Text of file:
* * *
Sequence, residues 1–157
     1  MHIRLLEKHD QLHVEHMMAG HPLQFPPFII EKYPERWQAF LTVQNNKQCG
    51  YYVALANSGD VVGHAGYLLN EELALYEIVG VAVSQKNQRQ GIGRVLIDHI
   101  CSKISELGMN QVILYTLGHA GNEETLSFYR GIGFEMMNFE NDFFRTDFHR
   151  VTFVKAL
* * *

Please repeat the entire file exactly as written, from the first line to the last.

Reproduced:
Sequence, residues 1–157
     1  MHIRLLEKHD QLHVEHMMAG HPLQFPPFII EKYPERWQAF LTVQNNKQCG
    51  YYVALANSGD VVGHAGYLLN EELALYEIVG VAVSQKNQRQ GIGRVLIDHI
   101  CSKISELGMN QVILYTLGHA GNEETLSFYR GIGFEMMNFE NDFFRTDFHR
   151  VTFVKAL